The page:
Two 'Musts' For Worship

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   God has created us as unique individuals with differing personalities and talents. Knowing this fact, we should not be surprised when people approach worship in a variety of ways.  Church services display diversity in style, while individuals show an array of ways to praise our God and Savior.  God has certainly allowed for some leeway in how we worship Him; yet, we mustn’t conclude that God is pleased with every way that someone may decide to worship Him.  Despite leaving some allowance for individual personality and gifts, the Bible records two necessities for worship.

   While ministering on earth, Jesus met with a woman of Samaria at a well one day. The history of the Samaritans can be traced back to the split of the Kingdom of Israel after Solomon’s death (1 Kings 12). Jeroboam became the first king of the Northern Kingdom, consisting of ten of the twelve tribes of Israel, and led the people in false worship. Many years later, due to the kingdom’s persistent rebellion against God’s Law, the Northern Kingdom was conquered by the Assyrians, who resettled some of the Israelites back into the land. In the following years, the Israelites intermarried with members of other nations, set up a system of worship in Samaria and still expected the promises that were made to Israel. 

   During Jesus’ conversation with the Samaritan woman at the well as recorded in John 4, Jesus addresses the Samaritans’ false worship in Samaria -- the kingdom would be in Jerusalem not Samaria -- and tells her what true worship would be.

   Jesus, in John 4:23-24, declares, “But the hour comes, and now is, when the true worshippers shall worship the Father in spirit and in truth: for the Father seeks such to worship Him. God is a Spirit: and they that worship Him must worship Him in spirit and in truth.”

   Jesus was referring to the promises made to Israel in this chapter, but there are truths concerning worship that are still as true for us today as members of the Body of Christ; the necessities of God-honoring worship are still Spirit and Truth.

   This entails two facets: justification and consecration. First, justification takes place the moment we turn to God in faith alone to trust in the finished work of Jesus Christ. This means that we believe that the death, burial, and resurrection of Christ is enough to save us from our sins and an eternal death in the Lake of Fire.  The moment we believe, the Holy Spirit identifies us with the completed redemption in Jesus Christ (1 Corinthians 12:13), guarantees eternal life with Jesus Christ in Heaven (Ephesians 1:13-14), and indwells the believer (1 Corinthians 6:19).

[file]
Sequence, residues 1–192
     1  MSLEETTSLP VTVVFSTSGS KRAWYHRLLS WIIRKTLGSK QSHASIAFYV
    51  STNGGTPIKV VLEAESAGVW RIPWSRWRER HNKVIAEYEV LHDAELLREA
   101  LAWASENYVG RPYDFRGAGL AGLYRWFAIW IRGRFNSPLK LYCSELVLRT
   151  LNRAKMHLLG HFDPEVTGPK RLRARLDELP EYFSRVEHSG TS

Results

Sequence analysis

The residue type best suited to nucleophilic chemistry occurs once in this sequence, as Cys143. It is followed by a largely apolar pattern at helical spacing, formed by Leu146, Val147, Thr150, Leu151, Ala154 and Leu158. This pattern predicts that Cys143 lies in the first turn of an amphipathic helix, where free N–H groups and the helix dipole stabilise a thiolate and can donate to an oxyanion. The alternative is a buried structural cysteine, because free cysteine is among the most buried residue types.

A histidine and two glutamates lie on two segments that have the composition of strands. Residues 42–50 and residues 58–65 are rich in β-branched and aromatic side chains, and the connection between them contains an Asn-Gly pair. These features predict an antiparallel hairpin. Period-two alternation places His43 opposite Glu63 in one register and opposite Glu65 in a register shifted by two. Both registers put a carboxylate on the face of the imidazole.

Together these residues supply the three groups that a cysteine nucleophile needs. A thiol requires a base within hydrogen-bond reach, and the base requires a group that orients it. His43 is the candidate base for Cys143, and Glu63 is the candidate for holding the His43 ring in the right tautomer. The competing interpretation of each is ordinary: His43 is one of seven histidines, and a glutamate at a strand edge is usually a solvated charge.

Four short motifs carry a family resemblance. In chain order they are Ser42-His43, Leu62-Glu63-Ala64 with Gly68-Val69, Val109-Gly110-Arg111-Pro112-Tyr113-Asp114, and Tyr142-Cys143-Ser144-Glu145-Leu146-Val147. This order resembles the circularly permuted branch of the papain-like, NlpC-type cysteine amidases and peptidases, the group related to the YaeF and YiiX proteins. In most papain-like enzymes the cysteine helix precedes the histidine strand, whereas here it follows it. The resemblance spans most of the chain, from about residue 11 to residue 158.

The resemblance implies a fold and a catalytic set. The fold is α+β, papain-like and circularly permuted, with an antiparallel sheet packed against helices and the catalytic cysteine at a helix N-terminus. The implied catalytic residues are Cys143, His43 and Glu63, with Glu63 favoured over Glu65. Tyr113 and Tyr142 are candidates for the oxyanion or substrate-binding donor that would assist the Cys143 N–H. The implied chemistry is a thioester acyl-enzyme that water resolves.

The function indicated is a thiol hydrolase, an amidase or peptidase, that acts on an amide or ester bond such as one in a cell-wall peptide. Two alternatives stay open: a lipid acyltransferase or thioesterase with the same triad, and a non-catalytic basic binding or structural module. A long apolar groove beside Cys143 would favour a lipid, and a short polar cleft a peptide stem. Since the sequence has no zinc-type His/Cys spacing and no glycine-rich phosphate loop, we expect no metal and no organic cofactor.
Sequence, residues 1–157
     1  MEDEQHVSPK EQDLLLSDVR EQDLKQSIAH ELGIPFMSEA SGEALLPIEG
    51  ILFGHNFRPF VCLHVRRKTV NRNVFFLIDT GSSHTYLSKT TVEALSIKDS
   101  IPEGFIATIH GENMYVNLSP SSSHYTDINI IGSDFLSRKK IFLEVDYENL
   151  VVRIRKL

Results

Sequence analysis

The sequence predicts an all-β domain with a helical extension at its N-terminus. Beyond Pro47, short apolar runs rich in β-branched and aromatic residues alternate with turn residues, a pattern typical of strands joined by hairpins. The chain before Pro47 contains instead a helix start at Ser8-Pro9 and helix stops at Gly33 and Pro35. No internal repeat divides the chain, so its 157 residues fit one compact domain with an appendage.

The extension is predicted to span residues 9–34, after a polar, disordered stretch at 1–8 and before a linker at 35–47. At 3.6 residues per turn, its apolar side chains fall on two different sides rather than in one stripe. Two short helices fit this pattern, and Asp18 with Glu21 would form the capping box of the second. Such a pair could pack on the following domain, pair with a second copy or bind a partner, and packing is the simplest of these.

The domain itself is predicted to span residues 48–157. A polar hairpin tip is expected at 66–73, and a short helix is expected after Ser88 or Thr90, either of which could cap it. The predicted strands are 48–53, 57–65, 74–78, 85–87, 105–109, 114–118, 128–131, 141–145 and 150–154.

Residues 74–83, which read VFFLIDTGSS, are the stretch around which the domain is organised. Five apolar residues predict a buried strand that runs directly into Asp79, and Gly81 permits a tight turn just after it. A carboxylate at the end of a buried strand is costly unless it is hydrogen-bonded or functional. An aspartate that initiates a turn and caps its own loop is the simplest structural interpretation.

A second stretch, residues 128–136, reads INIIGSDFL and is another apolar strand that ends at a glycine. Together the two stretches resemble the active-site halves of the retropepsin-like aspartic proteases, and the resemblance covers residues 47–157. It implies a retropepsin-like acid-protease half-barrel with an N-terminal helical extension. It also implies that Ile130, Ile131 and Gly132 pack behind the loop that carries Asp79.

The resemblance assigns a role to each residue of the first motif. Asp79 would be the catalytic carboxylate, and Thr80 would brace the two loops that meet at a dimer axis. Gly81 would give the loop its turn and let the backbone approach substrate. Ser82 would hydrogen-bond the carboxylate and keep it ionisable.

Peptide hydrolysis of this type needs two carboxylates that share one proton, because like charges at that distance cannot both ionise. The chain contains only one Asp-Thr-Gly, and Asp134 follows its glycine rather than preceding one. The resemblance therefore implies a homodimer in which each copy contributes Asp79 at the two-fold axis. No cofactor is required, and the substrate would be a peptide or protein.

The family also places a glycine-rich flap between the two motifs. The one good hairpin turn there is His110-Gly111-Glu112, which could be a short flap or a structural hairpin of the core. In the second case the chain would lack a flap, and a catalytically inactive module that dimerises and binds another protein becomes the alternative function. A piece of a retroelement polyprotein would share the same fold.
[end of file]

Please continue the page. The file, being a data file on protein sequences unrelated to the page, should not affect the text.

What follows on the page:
Unfortunately, some of the church worship services that take place today are geared to bring the unbeliever in the doors of the church and make them feel comfortable.  This type of worship fails the first “must of worship.”  God is only pleased by worship that comes from Spirit-indwelt people.  Only a believer in the work of Jesus Christ is Spirit-indwelt, so we cannot structure our worship to please those who do not yet have the Holy Spirit (Rom. 8:9). Our responsibility toward the unsaved is to share the Gospel of Christ so that they have the opportunity to trust in Jesus Christ and join in God-honoring worship. 

   The second aspect of Spirit worship is consecration. This aspect of worship has to do with having our entire lives yielded to the Holy Spirit’s use (Romans 12:1-2).  After we are justified and secure in Christ, we are implored to walk in the Spirit (Galatians 5:16) and not seek to please the flesh. Is our worship concerned with pleasing ourselves? Do we choose church services that make US feel good?  Do we expect worship leaders to play moving songs that cater to OUR preferences?  Do we go to church expecting the pastor to help US?  True worship goes beyond Sunday morning services and our acts of benevolence; it affects our entire lives. Every moment of everyday lived to praise our Savior is true worship. God-honoring worship occurs when a believer in Christ yields every part of His life over to the Holy Spirit to produce fruit.

   The Samaritan woman had a belief that she was sincerely following. Jesus told this woman that her particular belief was wrong. If she expected to make it into the Kingdom, she was going to have to line-up with God’s way, which is always right.

   Many of you reading this article are aware that we live in a culture where truth is considered fluid, adaptable to each individual. This popular belief is absurd, illogical, and, well, not true. If we want to truly honor God in worship, we MUST do it truthfully according to the Word of God rightly divided. (For further information on this statement, contact Berean Bible Institute with the information at the end of this article.)

   I know of many “Christian” songs that are beautiful songs, but they are wrong in their theology.  If these songs are played for worship, they are lacking the truth needed to truly worship the Lord. We can’t be so focused on setting a mood of worship that we throw truth to the side; otherwise, it is not true worship.

   God’s truth is revealed to us in His Word, the Bible.  We need to study it and allow the Holy Spirit to enlighten us to its truths. The Spirit and Truth should affect the songs we sing, the messages we preach, the prayers we speak, and the lives we live.  God-honoring worship occurs when a believer in Christ allows the Holy Spirit to control every part of his life in accordance with the truth of God’s Word. 

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